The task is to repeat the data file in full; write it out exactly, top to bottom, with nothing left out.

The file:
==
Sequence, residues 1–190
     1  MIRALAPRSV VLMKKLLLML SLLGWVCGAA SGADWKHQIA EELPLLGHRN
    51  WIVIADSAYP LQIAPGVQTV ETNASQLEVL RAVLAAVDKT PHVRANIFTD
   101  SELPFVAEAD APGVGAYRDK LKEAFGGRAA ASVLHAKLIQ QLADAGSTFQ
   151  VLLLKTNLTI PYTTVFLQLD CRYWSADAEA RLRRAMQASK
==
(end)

Sequence, residues 1–190
     1  MIRALAPRSV VLMKKLLLML SLLGWVCGAA SGADWKHQIA EELPLLGHRN
    51  WIVIADSAYP LQIAPGVQTV ETNASQLEVL RAVLAAVDKT PHVRANIFTD
   101  SELPFVAEAD APGVGAYRDK LKEAFGGRAA ASVLHAKLIQ QLADAGSTFQ
   151  VLLLKTNLTI PYTTVFLQLD CRYWSADAEA RLRRAMQASK